Zostera marina is a seagrass species, commonly known as eelgrass, that is found on both coasts of the United States, as well as in Europe. Unfortunately, Zostera is disappearing all over the place, including right here in New York. This could have devastating impacts on animals that rely on eelgrass as foraging grounds, or, as is the case with scallops, use it as a refuge from predation. This is its story, as seen through the eyes of an aspiring graduate student...
Monday, November 5, 2007
A different project:
While the focus of this blog will be concentrating the various aspects of my current graduate research, I wanted to make a small diversion to some research I did a few years ago with hard clams and eelgrass. I did benthic surveys for eelgrass abundance and hard clam densities in Shinnecock and Quantuck Bays on Long Island. While I only found 14% of the sites to have eelgrass, 67% of eelgrass sites had hard clams present, and only 33% of all other sites had hard clams present. Further, the densities of hard clams in eelgrass sites were double the densities outside of eelgrass. The reasons for this have been greatly explored in the literature, most often that below ground biomass of eelgrass offers a refuge from predation by crabs and whelks. However, little work ha been done to determine the impacts hard clams have on eelgrass. I was able to show that the addition of one hard clam to a quadrat of eelgrass (the equivalent of 16 hard clams per square meter) increased the eelgrass productivity (growth) about as much as a commercial fertilizer via nutrient additions. How? Hard clams filter the water column of phytoplankton and small zooplankton, and then repackage those as nutrients released to the sediments, which the eelgrass then uses for growth. It seems that there is an interactive relationship between the hard clams and eelgrass. I just submitted this work for publication in the Marine Ecology Progress Series, and if it gets accepted, it will be my first publication.
I am a marine biologist that is currently attending graduate school at the School of Marine and Atmospheric Sciences, Marine Sciences Research Center, of Stony Brook University, New York. I am very interested in marine ecology and have been focusing my studies on bay scallop interactions with their habitats. I plan to investigate various anthropogenic impacts on bay scallop populations for my PhD dissertation. This blog will highlight the details of my graduate research, from bay scallop-eelgrass interactions as previously mentioned, to alternative habitats for scallops, such as Codium, to trophic cascades, and more. Enjoy!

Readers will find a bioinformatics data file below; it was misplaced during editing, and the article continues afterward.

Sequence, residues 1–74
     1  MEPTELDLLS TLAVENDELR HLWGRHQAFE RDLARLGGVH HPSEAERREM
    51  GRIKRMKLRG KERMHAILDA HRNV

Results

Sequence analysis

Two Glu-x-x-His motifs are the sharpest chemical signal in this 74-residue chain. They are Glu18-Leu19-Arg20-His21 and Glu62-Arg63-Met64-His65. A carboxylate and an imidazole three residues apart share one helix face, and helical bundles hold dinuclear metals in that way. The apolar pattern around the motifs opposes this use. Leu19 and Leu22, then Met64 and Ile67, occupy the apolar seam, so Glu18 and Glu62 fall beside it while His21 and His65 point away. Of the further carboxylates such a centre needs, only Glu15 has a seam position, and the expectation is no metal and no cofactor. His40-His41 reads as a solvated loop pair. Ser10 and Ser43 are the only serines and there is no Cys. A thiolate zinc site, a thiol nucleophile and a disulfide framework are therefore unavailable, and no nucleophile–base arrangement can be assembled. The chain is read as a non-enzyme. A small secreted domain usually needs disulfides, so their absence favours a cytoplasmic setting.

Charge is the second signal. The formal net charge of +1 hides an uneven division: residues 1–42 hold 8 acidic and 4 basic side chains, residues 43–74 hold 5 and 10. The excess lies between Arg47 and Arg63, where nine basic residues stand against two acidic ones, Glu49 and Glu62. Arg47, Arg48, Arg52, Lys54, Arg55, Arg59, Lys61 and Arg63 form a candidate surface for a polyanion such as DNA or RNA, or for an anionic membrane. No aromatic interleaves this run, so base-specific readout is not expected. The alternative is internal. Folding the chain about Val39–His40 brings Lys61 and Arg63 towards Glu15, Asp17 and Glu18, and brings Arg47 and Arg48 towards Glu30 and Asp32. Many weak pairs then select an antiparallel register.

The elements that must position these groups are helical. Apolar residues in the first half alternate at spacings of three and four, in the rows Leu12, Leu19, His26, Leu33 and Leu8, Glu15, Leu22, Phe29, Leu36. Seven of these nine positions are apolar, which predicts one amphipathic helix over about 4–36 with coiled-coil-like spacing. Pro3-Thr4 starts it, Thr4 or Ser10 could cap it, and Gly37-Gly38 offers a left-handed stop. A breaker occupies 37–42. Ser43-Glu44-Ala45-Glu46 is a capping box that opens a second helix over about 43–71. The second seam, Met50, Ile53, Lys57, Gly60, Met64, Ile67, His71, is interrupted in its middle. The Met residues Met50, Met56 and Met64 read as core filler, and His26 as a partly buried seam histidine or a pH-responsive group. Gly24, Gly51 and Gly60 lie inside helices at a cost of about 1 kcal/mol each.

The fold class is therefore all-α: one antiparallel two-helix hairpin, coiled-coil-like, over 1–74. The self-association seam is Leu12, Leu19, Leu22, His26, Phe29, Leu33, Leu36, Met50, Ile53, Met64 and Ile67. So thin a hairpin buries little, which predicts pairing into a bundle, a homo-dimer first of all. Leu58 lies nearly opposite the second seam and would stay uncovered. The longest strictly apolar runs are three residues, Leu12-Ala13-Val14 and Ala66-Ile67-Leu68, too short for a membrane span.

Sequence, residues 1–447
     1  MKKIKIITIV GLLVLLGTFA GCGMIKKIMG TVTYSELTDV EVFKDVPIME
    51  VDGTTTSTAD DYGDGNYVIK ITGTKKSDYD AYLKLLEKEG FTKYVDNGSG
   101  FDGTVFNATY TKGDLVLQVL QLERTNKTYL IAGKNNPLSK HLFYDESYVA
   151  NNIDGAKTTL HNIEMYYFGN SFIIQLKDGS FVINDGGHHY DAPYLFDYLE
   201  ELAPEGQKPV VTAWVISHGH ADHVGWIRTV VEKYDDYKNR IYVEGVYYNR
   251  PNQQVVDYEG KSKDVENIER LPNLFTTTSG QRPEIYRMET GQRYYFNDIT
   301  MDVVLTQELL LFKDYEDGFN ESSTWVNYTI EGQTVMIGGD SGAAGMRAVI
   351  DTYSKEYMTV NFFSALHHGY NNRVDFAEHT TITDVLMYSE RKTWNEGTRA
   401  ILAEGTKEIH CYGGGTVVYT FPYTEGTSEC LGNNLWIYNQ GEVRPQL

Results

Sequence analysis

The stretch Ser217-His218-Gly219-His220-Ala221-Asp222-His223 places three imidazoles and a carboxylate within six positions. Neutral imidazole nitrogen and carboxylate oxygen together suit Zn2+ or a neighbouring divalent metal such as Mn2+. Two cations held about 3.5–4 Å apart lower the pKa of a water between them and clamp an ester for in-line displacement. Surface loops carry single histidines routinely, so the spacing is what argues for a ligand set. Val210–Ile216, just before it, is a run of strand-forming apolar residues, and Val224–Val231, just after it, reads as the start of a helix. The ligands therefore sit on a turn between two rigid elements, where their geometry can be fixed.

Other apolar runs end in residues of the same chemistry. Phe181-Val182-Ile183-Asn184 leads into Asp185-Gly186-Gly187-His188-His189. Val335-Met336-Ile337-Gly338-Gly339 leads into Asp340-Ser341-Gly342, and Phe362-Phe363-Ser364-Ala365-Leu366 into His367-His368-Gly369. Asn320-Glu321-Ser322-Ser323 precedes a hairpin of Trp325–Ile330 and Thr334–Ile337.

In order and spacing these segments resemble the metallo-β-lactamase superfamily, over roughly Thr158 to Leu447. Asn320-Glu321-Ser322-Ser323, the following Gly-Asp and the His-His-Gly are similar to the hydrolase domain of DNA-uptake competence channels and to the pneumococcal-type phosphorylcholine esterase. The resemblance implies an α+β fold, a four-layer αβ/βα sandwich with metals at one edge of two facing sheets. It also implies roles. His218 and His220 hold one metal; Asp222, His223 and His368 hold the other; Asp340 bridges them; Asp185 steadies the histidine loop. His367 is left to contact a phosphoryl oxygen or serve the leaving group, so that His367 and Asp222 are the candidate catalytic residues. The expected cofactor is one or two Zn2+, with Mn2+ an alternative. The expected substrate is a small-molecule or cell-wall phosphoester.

Eelgrass is an important habitat for multiple marine species, including the bay scallop
Scallop on Artificial Eelgrass
This tethered juvenile bay scallop attached itself to my artificial eelgrass...
The decline of eelgrass meadows
Eelgrass, Zostera marina, is a flowering, marine vascular plant that remains submerged all the time. This is quite a feat for vascular flowering plants, and only a few dozen species world wide are capable of growing completely submerged in a marine environment. Eelgrass creates and extremely important habitat, its upright structures and complex root system create a 3-D living space for many different types of animals. It is (or was) the dominant habitat forming SAV (submerged aquatic vegetation) throughout much of the coastal waters in the northeastern United States. Unfortunately, for various reasons, eelgrass meadows have seen drastic declines, and in many locations eelgrass only exists in a mosaic of small patches. This is extremely bad news as many of the important, and formerly important, commercial and recreational fisheries of the northeast US are dependent on Zostera at some part of their life cycle as a nursery and foraging ground. Some of the species are finfish like tautog, bluefish, fluke, winter flounder, porgies, while others are shellfish such as blue mussels, hard clams, oysters, bay scallops, and blue crabs. Many of the aforementioned species support or once supported vibrant fisheries. Many of those fisheries have collapsed, also for various reasons. However, is it possible there is a link between the crash of the fisheries, the decline of Zostera and the failure for recovery on both ends?
Eelgrass, Zostera marina, a temperate seagrass species, providing a vital habitat for numerous marine species
Scallops in eelgrass
Some adult bay scallops we planted in eelgrass for a free release survival experiment we conducted
If you live in coastal zones, urge your local and state representatives to push for environmental issues that you are concerned about. Ask for more stringent rules regarding the destruction of existing eelgrass. Encourage restoration programs to be set-up. Call your state and national representatives and ask them what they are doing to protect our precious resources. Practice safer boating and know the undersea terrain - i.e., don't drive your boat in very shallow water. Avoid clamming in eelgrass meadows.